“Saint Francis of Assisi became a seraph of love by meditating on the Passion of Christ. He was found one day bathed in tears and uttering loud sighs. When asked what was the cause of his grief he replied: ‘I am weeping over the pains and insults of my Divine Master. But what grieves me most is that men for whom He suffered so much never think of the torments He endured’.”

So it was not the Savior’s sufferings and pains that saddened him the most, but rather their forgetting and ignorance by those for whom he suffered: us, Christians. Reading the words of Saint Francis, our best reaction would be precisely to take seriously the most important lesson he left us as a legacy when he said – invited to read a good book of piety – that “my book is Jesus Crucified.” This must be our dearest book, the one from which we learn how to reach Paradise. And this lesson, which Holy Tradition constantly transmits to us, shows us that the path to the Kingdom of Heaven, to the Resurrection, necessarily passes through the Cross. This is another great answer we receive from the saints.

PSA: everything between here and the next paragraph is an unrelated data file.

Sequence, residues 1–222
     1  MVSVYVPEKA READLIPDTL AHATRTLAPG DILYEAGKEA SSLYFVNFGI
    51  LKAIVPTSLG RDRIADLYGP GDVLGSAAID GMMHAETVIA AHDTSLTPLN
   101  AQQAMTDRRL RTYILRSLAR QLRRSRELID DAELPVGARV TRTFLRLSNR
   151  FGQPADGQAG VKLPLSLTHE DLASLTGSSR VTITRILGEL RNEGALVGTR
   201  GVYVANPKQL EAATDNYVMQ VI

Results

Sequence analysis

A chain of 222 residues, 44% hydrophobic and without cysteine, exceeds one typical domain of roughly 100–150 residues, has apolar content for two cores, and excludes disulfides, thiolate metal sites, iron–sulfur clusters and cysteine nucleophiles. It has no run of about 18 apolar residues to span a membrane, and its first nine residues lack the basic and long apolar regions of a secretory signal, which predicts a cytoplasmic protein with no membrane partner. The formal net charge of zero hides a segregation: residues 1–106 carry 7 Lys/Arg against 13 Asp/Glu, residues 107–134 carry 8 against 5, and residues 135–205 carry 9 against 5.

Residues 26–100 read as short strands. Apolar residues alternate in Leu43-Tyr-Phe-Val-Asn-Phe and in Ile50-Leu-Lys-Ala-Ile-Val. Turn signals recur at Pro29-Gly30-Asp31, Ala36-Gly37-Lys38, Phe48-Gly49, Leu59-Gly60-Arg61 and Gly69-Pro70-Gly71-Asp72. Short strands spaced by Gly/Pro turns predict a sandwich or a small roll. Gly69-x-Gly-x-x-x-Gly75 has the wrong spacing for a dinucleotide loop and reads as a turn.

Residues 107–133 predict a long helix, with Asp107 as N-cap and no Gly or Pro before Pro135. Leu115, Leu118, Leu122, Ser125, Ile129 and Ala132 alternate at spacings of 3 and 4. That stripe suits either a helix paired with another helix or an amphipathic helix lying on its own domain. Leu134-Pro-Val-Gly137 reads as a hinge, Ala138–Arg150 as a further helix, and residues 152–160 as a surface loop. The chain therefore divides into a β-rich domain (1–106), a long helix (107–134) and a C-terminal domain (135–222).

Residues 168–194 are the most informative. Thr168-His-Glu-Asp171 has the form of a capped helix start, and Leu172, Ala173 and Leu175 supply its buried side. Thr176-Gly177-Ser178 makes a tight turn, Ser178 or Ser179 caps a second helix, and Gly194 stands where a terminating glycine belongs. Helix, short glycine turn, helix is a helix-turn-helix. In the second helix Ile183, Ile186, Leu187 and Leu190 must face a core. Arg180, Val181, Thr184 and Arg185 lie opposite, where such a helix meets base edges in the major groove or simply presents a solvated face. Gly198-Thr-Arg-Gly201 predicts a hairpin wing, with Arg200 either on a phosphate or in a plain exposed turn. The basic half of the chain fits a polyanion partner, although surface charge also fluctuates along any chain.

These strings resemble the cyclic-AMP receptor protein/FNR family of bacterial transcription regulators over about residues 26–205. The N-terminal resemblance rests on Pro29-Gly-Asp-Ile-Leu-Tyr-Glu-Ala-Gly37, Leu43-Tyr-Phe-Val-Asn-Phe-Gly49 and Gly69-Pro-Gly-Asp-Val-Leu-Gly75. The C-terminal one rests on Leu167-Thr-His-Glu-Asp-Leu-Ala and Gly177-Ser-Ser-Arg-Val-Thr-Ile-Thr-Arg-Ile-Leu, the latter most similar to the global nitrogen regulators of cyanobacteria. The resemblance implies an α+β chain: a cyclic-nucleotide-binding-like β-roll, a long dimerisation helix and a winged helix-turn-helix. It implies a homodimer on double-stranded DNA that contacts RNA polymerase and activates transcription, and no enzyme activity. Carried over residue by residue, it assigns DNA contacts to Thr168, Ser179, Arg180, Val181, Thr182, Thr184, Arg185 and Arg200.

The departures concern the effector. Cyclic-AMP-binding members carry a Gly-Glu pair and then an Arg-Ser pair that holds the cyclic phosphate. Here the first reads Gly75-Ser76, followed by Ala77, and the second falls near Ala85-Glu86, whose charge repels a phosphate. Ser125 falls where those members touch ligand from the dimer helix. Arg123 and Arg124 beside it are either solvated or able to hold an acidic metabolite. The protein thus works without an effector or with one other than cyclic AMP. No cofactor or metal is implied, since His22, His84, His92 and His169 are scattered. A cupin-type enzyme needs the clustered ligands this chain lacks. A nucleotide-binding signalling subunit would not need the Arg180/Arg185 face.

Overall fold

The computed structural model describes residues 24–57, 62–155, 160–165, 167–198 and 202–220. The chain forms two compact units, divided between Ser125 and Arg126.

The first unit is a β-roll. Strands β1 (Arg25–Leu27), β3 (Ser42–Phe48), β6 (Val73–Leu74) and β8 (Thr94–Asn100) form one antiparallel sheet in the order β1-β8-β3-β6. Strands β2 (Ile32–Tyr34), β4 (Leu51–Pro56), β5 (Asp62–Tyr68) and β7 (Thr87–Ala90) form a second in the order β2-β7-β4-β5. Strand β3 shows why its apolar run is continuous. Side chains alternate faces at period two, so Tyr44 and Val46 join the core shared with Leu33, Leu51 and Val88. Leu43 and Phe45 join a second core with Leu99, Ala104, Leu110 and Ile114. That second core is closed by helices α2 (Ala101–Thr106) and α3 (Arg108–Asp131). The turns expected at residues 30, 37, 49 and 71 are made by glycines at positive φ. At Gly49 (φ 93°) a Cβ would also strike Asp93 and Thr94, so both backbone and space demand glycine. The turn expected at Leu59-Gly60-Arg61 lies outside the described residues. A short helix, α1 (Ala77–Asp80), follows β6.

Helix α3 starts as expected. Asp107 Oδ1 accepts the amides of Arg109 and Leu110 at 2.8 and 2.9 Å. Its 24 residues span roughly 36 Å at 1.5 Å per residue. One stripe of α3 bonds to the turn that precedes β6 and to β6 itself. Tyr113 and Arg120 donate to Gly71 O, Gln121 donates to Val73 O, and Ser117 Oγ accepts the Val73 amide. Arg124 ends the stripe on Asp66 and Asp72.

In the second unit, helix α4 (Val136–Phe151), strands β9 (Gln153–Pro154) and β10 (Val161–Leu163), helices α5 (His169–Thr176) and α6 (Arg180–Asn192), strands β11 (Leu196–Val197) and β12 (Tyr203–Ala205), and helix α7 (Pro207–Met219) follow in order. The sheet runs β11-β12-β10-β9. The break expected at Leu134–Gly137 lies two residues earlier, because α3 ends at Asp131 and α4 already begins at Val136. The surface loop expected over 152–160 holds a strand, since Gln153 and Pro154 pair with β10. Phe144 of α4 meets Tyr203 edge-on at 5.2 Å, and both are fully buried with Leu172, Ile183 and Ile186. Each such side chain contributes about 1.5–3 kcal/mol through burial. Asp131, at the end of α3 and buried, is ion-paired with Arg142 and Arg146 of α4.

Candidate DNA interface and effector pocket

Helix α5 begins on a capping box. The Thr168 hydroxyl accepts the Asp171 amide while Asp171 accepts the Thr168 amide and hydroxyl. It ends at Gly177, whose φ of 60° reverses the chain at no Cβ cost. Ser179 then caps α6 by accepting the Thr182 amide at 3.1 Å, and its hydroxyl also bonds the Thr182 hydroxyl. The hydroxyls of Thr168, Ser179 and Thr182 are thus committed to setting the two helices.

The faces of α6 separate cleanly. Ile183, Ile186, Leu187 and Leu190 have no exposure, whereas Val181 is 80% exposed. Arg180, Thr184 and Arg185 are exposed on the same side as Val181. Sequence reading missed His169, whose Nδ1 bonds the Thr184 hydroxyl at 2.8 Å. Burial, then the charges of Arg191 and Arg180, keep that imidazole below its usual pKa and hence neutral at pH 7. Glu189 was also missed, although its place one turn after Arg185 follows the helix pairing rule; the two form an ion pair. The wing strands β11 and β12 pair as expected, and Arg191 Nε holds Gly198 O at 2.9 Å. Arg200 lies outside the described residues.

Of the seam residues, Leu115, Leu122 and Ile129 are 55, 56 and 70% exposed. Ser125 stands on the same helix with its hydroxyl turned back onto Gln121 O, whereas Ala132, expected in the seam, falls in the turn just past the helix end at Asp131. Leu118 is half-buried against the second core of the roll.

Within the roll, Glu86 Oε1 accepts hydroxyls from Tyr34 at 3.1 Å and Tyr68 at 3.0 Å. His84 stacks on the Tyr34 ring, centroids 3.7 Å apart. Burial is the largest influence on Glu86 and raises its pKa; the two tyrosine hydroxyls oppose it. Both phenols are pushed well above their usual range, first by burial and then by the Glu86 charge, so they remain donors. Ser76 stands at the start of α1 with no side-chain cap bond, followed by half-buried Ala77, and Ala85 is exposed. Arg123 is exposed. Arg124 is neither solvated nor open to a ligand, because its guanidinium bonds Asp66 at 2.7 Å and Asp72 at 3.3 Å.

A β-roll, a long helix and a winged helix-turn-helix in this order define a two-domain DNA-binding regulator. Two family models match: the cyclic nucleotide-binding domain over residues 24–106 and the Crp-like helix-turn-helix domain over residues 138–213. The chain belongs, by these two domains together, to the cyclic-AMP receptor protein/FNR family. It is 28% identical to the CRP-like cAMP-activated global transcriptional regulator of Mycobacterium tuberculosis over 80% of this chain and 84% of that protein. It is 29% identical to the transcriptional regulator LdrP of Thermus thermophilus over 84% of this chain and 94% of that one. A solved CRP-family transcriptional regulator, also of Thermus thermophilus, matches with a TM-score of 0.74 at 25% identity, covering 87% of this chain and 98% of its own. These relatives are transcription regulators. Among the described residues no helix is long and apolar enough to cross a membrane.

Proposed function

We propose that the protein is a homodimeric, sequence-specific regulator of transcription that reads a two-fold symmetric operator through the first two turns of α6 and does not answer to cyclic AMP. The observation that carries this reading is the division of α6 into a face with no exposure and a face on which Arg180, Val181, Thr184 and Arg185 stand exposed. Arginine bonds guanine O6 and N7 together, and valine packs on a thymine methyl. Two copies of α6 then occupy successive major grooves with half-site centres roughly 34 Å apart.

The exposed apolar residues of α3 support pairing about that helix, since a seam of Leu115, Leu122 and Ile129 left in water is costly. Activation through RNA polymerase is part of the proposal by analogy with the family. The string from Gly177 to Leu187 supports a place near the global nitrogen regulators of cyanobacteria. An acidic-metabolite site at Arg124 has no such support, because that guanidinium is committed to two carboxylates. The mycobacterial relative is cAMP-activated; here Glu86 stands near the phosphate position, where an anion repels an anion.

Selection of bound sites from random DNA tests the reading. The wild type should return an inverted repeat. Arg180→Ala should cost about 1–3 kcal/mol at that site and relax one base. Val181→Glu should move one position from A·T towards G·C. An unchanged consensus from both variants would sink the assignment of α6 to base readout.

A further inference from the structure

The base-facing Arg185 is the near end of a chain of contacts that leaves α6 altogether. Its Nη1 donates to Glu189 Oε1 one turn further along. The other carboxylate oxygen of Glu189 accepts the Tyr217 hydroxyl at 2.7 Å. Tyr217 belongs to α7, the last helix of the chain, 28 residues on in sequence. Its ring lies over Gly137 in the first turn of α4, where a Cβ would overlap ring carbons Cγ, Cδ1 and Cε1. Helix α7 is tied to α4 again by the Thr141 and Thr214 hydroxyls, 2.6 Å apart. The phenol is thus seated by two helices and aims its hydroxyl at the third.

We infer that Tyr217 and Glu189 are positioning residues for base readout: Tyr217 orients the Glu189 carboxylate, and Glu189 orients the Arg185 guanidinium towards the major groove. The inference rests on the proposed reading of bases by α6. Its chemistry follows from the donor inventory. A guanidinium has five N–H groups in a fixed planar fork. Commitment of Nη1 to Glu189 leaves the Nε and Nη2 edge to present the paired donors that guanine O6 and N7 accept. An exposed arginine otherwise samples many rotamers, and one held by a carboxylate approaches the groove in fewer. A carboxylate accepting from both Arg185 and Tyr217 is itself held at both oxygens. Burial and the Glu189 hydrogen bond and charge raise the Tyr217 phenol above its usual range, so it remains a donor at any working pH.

Although not always through words, this answer is quite easily identifiable in the sacred art of the Church. One of the most beautiful representations of the Cross that one could see in many icons, paintings, and even medieval manuscripts, is that which depicts the identity between the Cross and the Tree of Life. What is the explanation for such an identity? How can a sinister instrument of torture used by the Romans to kill the God-Man become the gate of Heaven?

Thus, instead of being a terrifying end, death has become for Christians the beginning and the birth of a life much superior to everything we know during our mortal life.

An absolutely astonishing interpretation, proposed by Saint Augustine in his commentary on the Gospel according to John, offers us the unraveling of the mystery. This true enlightenment, proposed to us by one of the most brilliant Doctors of the Church of all time, is occasioned by the terrible moment when the side of the crucified Savior was pierced by the Roman soldier: